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8.553701 - THALBERG: Piano Concerto in F Minor / Souvenirs de Beethoven
Sigismond Thalberg (1812-1871)
Some mystery surrounds the birth and parentage of the virtuoso pianist Sigismond Thalberg, popularly supposed to have been the illegitimate son of Count Moritz Dietrichstein and the Baroness von Wetzlar, born at Pâquis near Geneva in 1812. His birth certificate, however, provides him with less distinguished but relatively legitimate parentage as the alleged son of a citizen of Frankfurt, Joseph Thalberg and a certain and possibly pseudonymous Fortune Stein. There seems, therefore, no particular reason to suppose the name Thalberg an invention. Legend, however, provides the story of the Baroness proclaiming him a valley (Thai) that would one day rise to the heights of a mountain (Berg). Thalberg's schooling took him to Vienna, where his fellow-pupil the Duke of Reichstadt, Napoleon's son, almost persuaded him to take up a military career. Musical interests finally triumphed and he was able to study with Simon Sechter and with Mozart's pupil Hummel. In Vienna he performed at private parties, making a particular impression when, as a fourteen-year-old, he played at the house of Prince Metternich. By 1828 he had started the series of compositions that were to prove an important and necessary concoruitant of his career as a virtuoso. In 1830 he undertook his first concert tour abroad, to England, where he had lessons from Moscheles. In 1834 he was appointed Kammervirtuos to the Emperor in Vienna and the following year appeared in Paris, where he had lessons from Kalkbrenner and Pixis.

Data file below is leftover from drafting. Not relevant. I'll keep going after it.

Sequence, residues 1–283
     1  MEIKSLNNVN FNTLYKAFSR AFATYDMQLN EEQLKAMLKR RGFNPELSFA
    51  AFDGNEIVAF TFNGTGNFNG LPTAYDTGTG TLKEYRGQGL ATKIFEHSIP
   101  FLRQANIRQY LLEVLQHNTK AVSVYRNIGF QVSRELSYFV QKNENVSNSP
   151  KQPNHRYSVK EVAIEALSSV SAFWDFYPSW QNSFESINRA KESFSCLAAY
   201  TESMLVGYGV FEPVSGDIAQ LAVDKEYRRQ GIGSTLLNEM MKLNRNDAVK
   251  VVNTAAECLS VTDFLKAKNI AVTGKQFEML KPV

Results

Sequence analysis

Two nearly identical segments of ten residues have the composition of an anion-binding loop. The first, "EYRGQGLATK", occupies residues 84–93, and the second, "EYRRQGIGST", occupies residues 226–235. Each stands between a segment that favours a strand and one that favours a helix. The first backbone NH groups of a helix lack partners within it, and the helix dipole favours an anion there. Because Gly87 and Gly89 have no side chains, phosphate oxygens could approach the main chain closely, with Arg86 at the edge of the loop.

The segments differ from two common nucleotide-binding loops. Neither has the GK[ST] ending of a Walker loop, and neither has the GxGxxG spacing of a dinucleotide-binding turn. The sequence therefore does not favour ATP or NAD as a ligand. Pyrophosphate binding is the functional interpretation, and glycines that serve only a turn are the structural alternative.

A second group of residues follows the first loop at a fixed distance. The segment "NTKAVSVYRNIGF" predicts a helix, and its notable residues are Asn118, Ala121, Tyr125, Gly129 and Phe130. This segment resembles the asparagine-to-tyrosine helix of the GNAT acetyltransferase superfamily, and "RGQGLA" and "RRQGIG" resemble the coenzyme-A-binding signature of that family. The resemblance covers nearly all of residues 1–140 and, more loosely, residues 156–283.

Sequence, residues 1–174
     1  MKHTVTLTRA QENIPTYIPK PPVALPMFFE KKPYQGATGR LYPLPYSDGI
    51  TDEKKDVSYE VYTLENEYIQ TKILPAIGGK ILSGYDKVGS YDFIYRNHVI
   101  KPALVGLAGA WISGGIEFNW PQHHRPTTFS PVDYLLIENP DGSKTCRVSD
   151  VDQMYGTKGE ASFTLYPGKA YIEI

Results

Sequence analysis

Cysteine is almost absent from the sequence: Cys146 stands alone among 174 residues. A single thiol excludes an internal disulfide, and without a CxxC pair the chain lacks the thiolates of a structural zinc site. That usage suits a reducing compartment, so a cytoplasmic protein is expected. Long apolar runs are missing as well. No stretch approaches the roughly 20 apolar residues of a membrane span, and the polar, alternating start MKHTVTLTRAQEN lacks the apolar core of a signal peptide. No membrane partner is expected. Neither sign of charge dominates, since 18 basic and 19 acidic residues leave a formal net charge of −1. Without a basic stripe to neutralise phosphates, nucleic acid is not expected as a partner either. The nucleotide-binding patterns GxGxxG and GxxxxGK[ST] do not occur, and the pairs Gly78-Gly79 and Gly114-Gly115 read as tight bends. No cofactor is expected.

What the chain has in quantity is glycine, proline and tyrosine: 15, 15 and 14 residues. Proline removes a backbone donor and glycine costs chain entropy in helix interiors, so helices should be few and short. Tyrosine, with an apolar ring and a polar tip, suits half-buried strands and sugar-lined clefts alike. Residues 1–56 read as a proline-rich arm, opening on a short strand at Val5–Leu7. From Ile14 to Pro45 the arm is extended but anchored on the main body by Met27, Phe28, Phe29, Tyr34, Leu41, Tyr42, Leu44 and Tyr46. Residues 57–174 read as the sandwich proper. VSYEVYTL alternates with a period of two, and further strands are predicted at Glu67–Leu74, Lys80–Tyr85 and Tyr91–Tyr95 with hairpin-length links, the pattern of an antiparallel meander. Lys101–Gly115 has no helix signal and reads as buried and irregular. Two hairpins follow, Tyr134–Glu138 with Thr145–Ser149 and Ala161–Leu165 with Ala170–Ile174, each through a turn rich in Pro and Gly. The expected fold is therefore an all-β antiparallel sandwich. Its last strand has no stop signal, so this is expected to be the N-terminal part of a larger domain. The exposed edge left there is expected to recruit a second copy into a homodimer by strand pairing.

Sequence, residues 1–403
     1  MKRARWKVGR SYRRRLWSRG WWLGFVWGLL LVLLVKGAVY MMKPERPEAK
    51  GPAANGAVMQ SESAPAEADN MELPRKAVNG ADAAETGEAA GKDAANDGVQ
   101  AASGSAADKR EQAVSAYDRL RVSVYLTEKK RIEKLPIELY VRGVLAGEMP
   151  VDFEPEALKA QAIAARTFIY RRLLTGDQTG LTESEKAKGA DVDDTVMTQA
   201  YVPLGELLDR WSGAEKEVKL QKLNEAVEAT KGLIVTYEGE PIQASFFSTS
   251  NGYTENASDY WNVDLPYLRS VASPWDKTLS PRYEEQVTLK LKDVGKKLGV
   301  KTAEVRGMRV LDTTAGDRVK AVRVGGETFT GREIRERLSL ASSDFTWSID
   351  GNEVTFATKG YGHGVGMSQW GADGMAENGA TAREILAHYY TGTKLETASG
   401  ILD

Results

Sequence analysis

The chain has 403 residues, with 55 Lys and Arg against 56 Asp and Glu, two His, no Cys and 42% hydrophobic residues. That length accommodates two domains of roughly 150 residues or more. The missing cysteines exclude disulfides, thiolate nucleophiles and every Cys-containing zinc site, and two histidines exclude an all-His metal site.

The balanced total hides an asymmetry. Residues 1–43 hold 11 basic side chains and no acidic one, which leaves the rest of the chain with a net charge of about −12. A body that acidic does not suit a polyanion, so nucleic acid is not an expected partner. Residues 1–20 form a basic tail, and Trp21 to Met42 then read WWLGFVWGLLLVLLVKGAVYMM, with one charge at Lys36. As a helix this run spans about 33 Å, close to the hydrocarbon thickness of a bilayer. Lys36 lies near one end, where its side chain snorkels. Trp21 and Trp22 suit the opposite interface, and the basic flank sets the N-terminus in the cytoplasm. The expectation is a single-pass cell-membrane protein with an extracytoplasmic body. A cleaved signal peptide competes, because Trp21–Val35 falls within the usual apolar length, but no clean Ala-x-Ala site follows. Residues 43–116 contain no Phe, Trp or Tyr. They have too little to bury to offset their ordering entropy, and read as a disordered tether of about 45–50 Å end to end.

Paris in the 1830s was a city of pianists. The Conservatoire was full of them, while salons and the show-rooms of the chief piano-manufacturers Erard and Pleyel resounded with the virtuosity of Kalkbrenner, Pixis, Herz and, of course, Liszt. The rivalry between Thalberg and Liszt was largely fermented by the press. Berlioz became the champion of the latter, while Fétis trumpeted the achievements of Thalberg. Liszt, at the time of Thalberg' s arrival in Patis, was in Switzerland, where he had retired with his mistress, the Comtesse Marie d' Agoult. It was she who wrote, under Liszt's name, a disparaging attack on Thalberg, to which Fétis replied in equally offensive terms. The so-called revolutionary princess, Princess Belgiojoso, achieved a remarkable social coup when she persuaded the two virtuosi to play at her Patis salon in a concert in aid of Italian refugees. As in other such contests, victory was tactfully shared between the two. Thalberg played his Moses Fantasy and Liszt answered with his new paraphrase from Pacini's opera Niobe. The Princess declared Thalberg the first pianist in the world, while Liszt, she said, was unique. She went on to commission a series of variations on a patriotic theme from Bellini's I puritani from the six leading pianists in Patis, a project to which Liszt, Thalberg, Chopin, Pixis, Herz and Czerny contributed. This composite work, Hexameron, remained in Liszt's concert repertoire.
Musical journalism has created a legend of Thalberg's defeat and departure from Patis and of continuing rivalry between him and Liszt. An element of competition remained, although there seems to have been no open animosity, and Liszt wrote a letter of condolence to Thalberg's widow after her husband's death in 1871. Thalberg enjoyed a career of the greatest distinction, touring as far as the Americas, where Liszt never went, with recitals in Brazil and Havana and an extended stay with the violinist Vieuxtemps in the United States, where, in the space of two years, he gave 56 recitals in New York, with a repertoire chiefly but not exclusively devoted to his own compositions. Liszt, meanwhile, included some of Thalberg's operatic paraphrases and fantasies, which, through Marie d' Agoult, he had once publicly seemed to disparage, in his own repertoire.